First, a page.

There are two key benefits takeaways for employers in the bipartisan 21st Century Cures Act, which President Obama signed into law on December 13, 2016.

The act, which passed both houses of Congress by large majorities, is designed to increase funding for medical research, ease the development and approval of experimental treatments, and reform federal mental healthcare policy.

Mental Health Parity Rules

Employers can expect increased enforcement, along with stricter interpretations, of the existing federal mental health parity rules in coming months and years.

Though the act does not expand requirements under the Mental Health Parity and Addiction Equity Act, Title XIII of the act directs the secretaries of the Department of Health and Human Services, the Department of Labor, and the Treasury to issue guidance within 12 months related to compliance with the mental health parity rules. The act also calls for increased coordination between federal and state authorities in enforcing the mental health parity rules.

In addition, when a group health plan or insurer is found to have violated the mental health parity rules five times, the secretaries are directed to audit the plan’s or insurer’s documents the following year to “help improve compliance” with the rules. By including such specific compliance measures directly within the act, Congress appears to be encouraging increased enforcement of the mental health parity rules in the coming months and years.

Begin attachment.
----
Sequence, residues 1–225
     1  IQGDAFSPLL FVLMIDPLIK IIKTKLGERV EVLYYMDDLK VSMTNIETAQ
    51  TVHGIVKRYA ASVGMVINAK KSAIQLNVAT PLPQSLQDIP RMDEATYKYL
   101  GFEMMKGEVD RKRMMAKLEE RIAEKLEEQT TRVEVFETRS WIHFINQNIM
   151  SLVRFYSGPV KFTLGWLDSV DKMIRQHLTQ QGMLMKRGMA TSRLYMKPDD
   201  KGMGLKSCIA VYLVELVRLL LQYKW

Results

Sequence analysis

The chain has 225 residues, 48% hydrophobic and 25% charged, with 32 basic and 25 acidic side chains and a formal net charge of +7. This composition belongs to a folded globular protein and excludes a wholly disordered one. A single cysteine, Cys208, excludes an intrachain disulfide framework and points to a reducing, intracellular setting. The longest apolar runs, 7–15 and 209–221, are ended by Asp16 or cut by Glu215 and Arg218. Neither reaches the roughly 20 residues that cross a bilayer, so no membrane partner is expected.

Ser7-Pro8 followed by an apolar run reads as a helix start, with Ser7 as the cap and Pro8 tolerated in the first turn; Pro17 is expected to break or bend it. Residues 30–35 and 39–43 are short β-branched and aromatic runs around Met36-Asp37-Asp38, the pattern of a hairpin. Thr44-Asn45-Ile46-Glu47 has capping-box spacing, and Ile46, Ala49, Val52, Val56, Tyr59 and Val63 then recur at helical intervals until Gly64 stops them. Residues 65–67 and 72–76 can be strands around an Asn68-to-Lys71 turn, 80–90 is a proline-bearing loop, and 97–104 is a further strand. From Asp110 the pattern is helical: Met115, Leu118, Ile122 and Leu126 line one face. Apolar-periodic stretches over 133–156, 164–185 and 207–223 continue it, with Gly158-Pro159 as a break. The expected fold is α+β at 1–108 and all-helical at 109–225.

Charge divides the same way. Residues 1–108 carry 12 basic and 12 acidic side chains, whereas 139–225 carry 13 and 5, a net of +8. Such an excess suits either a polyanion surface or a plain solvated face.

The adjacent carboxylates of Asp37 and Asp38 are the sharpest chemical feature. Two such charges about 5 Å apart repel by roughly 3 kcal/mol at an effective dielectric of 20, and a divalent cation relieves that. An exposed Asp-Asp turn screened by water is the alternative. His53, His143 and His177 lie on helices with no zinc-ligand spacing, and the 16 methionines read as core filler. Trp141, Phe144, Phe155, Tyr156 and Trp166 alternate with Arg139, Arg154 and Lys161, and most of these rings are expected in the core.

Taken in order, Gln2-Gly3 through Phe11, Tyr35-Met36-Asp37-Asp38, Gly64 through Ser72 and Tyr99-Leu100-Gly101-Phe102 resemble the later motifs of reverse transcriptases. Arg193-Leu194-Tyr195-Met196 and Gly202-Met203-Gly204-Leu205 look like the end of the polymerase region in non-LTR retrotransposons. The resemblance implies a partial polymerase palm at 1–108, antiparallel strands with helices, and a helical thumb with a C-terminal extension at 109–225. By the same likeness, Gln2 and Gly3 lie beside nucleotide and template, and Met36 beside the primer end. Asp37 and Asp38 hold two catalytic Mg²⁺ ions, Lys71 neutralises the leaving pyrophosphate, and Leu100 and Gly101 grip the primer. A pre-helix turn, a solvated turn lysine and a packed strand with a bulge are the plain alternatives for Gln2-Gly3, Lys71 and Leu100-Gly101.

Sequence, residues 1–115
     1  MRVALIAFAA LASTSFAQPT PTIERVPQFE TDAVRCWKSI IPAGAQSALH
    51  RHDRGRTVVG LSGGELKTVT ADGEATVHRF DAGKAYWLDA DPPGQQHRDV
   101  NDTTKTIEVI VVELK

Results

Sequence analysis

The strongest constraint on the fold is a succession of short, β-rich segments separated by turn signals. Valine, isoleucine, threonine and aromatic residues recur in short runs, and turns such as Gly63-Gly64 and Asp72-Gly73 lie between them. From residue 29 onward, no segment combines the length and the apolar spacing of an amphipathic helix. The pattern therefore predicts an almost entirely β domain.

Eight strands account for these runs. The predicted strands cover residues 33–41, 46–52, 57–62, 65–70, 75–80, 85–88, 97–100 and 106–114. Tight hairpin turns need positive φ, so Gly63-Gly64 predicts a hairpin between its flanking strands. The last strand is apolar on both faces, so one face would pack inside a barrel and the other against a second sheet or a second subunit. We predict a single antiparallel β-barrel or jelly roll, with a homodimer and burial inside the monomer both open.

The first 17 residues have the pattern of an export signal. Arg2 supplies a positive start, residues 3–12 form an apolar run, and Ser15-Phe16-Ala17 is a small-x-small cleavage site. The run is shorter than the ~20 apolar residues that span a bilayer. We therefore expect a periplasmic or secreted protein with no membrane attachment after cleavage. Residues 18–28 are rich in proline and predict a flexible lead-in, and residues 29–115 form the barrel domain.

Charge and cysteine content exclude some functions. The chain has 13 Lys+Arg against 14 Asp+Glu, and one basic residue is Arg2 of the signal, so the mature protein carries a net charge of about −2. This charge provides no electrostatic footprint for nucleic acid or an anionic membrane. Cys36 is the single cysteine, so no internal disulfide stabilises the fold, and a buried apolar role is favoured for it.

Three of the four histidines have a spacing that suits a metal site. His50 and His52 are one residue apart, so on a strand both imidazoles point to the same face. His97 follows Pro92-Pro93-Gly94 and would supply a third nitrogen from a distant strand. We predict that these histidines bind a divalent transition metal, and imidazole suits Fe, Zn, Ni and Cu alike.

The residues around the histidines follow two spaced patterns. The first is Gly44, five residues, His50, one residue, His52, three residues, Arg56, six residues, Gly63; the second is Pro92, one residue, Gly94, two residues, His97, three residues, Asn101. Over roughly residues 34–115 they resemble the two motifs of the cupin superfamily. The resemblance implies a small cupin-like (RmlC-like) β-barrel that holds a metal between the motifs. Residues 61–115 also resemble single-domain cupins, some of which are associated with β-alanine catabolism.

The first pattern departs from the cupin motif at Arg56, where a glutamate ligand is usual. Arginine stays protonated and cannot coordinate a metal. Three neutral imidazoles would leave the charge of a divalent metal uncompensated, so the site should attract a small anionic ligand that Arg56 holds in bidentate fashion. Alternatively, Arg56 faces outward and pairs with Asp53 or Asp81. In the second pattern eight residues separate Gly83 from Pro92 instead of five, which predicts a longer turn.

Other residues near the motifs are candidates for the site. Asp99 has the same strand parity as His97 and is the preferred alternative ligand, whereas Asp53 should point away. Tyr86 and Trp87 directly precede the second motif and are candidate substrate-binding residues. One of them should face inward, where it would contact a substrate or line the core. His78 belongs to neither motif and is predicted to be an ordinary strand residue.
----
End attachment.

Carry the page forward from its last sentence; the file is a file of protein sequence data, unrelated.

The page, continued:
The act does make one substantive “clarification” to the existing mental health parity rules. If coverage is offered for eating disorder treatment, then the treatment (including residential treatment) must be provided consistent with the mental health parity rules.

Standalone HRAs for Small Employers

The Affordable Care Act effectively prohibited employers from offering employees health reimbursement arrangements that were not integrated with other group health plans (standalone HRAs).

The act rolls back that rule slightly—though only for employers that are not “large employers” for ACA purposes (generally, those that have 50 or more full-time equivalent employees) and that do not offer any health plan to employees.

Title XVIII of the act creates qualified small employer health reimbursement arrangements (QSEHRAs) which are available for plan years starting after 2016. A QSEHRA is an arrangement funded solely with employer money that provides for payment or reimbursement of medical care expenses, up to $4,950 per year for individuals ($10,000 per year for families). In addition, a QSEHRA must generally be provided to all eligible employees of the employer on the same terms, and the employer must provide notice to the eligible employees. These QSEHRAs could permit reimbursements for individual health insurance premiums, which is also generally not permitted under the ACA. In addition, QSEHRAs are not subject to the Consolidated Omnibus Budget Reconciliation Act’s (COBRA) continuation coverage requirement.

These rules will take effect on January 1, 2017, which means that eligible employers could begin offering a QSEHRA next month. For small employers that offered a standalone HRA before January 1, 2017, the act will extend certain transition relief. HRAs that qualify under Notice 2015-17 will continue to qualify for transition relief through the end of 2016.


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